Zacatecas Tacos & Tequila – Albuquerque, New Mexico
The diminishing of the American diner’s disposable income has posed a significant challenge for restaurateurs, particularly those who specialize in fine-dining fare. In a downtrodden economy, Americans are less willing to spend their hard-earned money on meals that cost almost as much as a utilities payment. Instead, the dining consumer has increasingly turned toward a more casual dining experience. This dining trend has prompted enterprising chefs to overhaul and upgrade comfort food favorites.
In recent years, restaurateurs have transformed burgers from a ubiquitous fast-food favorite into a gourmet casual experience showcasing pricier, premium meat patties and sundry upscale ingredients. Similarly, pizzaioli are expressing themselves artistically on their crusty canvasses with creative ingredients heretofore not available on pizza. Even such humble comfort food favorites as mac-and-cheese and the grilled cheese sandwich have metamorphosed from plain and boring to glorious and inventive. Though these gourmet versions of foodstuff from humble beginnings might cost just a bit more, they’re not nearly as steep as the fine-dining experience diners might have opted for in better times.
It stands to reason that the previously pedestrian taco would eventually evolve, too. So says PBS who took the pulse of esteemed chefs and culinary professionals across the country to discern their insight on the latest food trends. One of those trends is gourmet tacos. It just make sense. Tacos appeal to value-conscious consumers and have become a comfort food that transcends socioeconomic strata. Best of all, they can easily be elevated and made more interesting with high-quality and ingenious ingredients.
Tacos can no longer be stereotyped as the crunchy hard-shelled envelope encasing ground mystery meat, lettuce and shredded cheese popularized across the fruited plain by Taco Bell. Pioneering chefs–including some of the nation’s most influential culinary minds–have uplifted the formerly low-brow, yet much loved taco. It has become an inspired and diverse platform of culinary inspiration–a platform for the fusion of seemingly disparate culinary traditions. Think Asia meets Mexico. Think naan instead of corn taco shells.
To traditionalists, this tinkering with the sacrosanct taco might be considered sacrilege, but to progressive diners, these new-age tacos are an idea whose time has come. Food Network glitterati Bobby Flay claims “anything you like to eat can be wrapped in a taco,” and it seems significant effort is being put forward to validate his contention. Korean tacos (Mexican corn tortillas stuffed with bulgogi and kimchee) took Los Angeles by storm in the past few years. They compete throughout LA county with more than a thousand “loncheras,” the food trucks which have elevated the Mexican taco to rarefied air using traditional and indigenous ingredients in creative combinations.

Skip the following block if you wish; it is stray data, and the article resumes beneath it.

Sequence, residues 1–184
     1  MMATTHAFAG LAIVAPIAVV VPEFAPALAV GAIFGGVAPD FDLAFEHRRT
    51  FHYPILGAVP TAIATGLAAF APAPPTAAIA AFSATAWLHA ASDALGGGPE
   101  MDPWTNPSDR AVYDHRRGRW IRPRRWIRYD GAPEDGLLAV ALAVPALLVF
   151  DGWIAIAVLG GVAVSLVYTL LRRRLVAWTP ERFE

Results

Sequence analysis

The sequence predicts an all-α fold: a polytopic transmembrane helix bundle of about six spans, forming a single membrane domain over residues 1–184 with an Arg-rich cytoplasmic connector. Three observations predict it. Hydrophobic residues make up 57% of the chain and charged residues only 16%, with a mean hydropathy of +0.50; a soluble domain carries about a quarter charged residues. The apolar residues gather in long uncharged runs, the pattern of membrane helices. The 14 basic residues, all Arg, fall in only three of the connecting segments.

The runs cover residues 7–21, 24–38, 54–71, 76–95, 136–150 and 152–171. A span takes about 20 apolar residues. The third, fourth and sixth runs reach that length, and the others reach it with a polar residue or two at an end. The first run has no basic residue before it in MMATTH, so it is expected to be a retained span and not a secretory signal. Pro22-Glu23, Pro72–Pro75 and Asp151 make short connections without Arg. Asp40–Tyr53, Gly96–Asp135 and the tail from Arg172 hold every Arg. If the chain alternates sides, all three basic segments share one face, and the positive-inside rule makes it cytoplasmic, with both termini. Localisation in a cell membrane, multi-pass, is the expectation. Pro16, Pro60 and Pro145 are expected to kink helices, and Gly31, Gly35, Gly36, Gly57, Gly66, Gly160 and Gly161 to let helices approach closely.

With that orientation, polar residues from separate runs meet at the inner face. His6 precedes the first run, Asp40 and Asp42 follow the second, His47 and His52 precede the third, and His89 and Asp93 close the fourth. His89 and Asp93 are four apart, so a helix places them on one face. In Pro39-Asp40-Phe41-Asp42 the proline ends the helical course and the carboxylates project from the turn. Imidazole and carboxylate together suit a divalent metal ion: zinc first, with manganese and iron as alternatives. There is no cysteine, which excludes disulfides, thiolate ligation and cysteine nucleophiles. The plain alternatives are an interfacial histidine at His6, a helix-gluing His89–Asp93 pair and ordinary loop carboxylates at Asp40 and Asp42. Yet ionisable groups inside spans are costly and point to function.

The common elements defining the modern gourmet taco are bold, fresh ingredients and contrasting yet amazingly complementary flavors and textures. You certainly can’t typecast gourmet tacos as the flavorless, hard-shelled ilk proffered by Taco Bell and its brethren. For Americans who grew up noshing on such prosaic mediocrity, the revelation that tacos can be gourmet and delicious is more than a pleasant surprise. It’s a life-altering new way of eating.
Arguably, Albuquerque’s very best practitioner of the gourmet taco is the aptly named Zacatecas Tacos & Tequila which launched in January, 2012 in Albuquerque’s Nob Hill district, widely recognized as the city’s most diverse dining destination. Zacatecas is the brainchild of chef Mark Kiffin, the James Beard Foundation‘s “Best Chef in the Southwest” for 2005. Kiffin didn’t set out to establish a gourmet taqueria, but to honor the authentic culinary traditions of the Zacatecas region of Mexico, a favorite vacation destination for the well-traveled chef.
The Zacatecas region is renowned for wide and varied culinary traditions which have been refined over time, melding strong and diverse pre-Columbian and Spanish cultural and culinary influences. It’s the recipes culled from those influences that Kiffin’s taqueria and tequila bar showcases brilliantly with an array of made-to-order gourmet tacos made from fresh (and soft as all authentic Mexican tortillas are) corn tortillas filled with sundry meat or seafood options as well as organic garnishes.
Tacos may be the name on the marquee, but under the direction of a Zacatecas-born chef, the kitchen offers a full-service lunch and dinner menu reminiscent of the menus at Chicago’s Frontera Grill, excelsior nonpareil in the art of Mexican cookery. The menu includes a number of familiar, but upscaled antojitos (appetizers), eight different “Zaca Tacos” unlike any you’ll find at Taco Bell, sumptuous sopas and ensaladas (soups and salads), magnificent mariscos (seafood) and enticing entradas (entrees).
Zacatecas’ vibrant blue exterior is very conspicuous among its staid neighbors along the Nob Hill stretch of Central Avenue. Its capacious open dining room is equally eye-catching with one wall showcasing hand-made papier-mâché skulls which appear to be looking over the dining public, perhaps in envy over the delicious fare. Dia de los muertos (day of the dead) decor festoons a handmade fifteen-foot zinc bar (featuring more than 70 kinds of tequilas). The south-facing dining room is bathed in sunlight courtesy of large patio windows that overlook the hustle and bustle of Central Avenue. The milieu bespeaks of fun and liveliness.